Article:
What is Retention strategy?
A retention strategy is a set of procedures that an organisation uses to keep its employees (e.g. through compensation, policies, benefits, office perks, etc.). When developing those strategies, a company's primary goal is to reduce employee turnover, or the number of employees who leave a company during a given time period.
Even though a low turnover rate can be beneficial depending on the nature of the industry, higher percentages can be costly in terms of both money and time. Replacing an employee can be costly, costing anywhere from 6 to 9 months' salary depending on the position. Losing high-performing employees can have an impact on team productivity and morale because it necessitates changes to a department's or team's daily operations and workflows – especially if the departing employee is a manager or higher.
Why is employee retention strategy important for an organization?
1. Consistent productivity flow:
Professionals who work for a company for an extended period of time add significant value to the organisation. In a retention strategy, they have a thorough understanding of the company's vision and are well-versed in how to meet the expectations of their role . Furthermore, they have acquired all of the necessary skills to effectively complete tasks on a daily basis.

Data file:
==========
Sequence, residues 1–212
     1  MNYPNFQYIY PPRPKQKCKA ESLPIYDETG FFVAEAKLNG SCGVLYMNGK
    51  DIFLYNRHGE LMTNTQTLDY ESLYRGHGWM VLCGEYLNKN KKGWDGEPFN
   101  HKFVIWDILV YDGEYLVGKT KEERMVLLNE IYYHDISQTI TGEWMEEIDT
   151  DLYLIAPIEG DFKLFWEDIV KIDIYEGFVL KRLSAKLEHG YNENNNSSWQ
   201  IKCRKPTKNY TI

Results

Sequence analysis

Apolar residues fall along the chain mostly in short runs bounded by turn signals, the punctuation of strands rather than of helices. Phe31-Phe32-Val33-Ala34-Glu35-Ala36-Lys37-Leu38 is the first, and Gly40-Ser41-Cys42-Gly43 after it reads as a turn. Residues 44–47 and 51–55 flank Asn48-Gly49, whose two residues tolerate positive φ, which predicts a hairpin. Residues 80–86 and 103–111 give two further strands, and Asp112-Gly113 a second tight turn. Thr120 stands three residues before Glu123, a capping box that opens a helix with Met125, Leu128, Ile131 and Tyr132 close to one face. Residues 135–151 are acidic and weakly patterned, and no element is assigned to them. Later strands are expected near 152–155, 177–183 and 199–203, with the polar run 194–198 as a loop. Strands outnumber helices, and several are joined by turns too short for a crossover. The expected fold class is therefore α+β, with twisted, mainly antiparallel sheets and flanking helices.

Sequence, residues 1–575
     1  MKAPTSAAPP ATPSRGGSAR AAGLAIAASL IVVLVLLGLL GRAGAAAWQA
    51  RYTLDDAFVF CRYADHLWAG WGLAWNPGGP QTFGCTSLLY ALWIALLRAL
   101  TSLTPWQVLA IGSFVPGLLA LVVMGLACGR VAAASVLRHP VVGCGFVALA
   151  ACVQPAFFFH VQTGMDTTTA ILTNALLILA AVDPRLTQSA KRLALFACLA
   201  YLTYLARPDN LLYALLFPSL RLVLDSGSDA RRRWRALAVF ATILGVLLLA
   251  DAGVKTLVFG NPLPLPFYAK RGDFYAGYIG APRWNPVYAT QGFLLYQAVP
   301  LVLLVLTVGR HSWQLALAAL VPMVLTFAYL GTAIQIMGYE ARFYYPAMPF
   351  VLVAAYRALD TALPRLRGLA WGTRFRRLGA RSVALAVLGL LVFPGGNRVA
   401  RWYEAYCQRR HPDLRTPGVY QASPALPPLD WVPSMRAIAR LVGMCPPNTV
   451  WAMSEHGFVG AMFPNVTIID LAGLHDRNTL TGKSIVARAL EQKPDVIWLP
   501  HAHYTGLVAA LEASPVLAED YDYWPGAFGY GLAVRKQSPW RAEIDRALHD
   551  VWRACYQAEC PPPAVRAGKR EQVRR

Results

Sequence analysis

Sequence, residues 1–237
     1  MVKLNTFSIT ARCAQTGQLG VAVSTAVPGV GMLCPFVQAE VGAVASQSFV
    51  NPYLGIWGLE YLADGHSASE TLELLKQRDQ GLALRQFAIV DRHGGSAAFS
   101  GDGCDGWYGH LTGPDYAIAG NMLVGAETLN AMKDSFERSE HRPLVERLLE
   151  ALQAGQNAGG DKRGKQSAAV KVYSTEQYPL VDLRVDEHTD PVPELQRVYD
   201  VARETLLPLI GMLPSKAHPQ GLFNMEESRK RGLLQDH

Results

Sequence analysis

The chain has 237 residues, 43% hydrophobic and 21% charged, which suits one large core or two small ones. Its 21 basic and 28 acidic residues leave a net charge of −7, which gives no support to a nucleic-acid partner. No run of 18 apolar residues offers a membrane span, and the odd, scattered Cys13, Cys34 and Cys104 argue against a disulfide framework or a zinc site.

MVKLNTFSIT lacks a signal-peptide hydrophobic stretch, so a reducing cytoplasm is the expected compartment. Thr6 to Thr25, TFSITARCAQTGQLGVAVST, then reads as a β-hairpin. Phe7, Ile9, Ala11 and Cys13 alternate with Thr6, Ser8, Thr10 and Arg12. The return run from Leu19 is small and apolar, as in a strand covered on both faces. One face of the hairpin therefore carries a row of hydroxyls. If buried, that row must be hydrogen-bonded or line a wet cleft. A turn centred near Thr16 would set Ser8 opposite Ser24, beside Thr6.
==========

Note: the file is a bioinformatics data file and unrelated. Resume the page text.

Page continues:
2. Cost savings for the company:
A retention strategy involves retaining skilled and dependable employees is financially beneficial to a company. Scouting, recruiting, and onboarding new employees is costly and time-consuming, with an average cost of $14,936 and a replacement time of 94 days. With a good retention plan, companies with lower employee turnover costs have more funds to invest in other areas of the business.
3. Reduced training time:
With a good retention strategy, long-term employees are well-trained and confident in their ability to carry out their daily responsibilities. They have established effective communication channels with their manager and colleagues and understand how to complete projects on time. With a retention plan, new employees require training and time to adjust to the new environment and its requirements, which can temporarily reduce team productivity.
Types of employee retention strategies
The different types of employee retention strategies:
1. Providing employees with challenging and meaningful work.
2. Investing in employees’ professional development and training them in cross-disciplinary skills.
3. Offering benefits package.
4. Adopt a social recognition system to recognize high performing employees.
5. Creating a culture of open communication.
6. Not overburdening employees.
7. Establishing clear expectations and policies.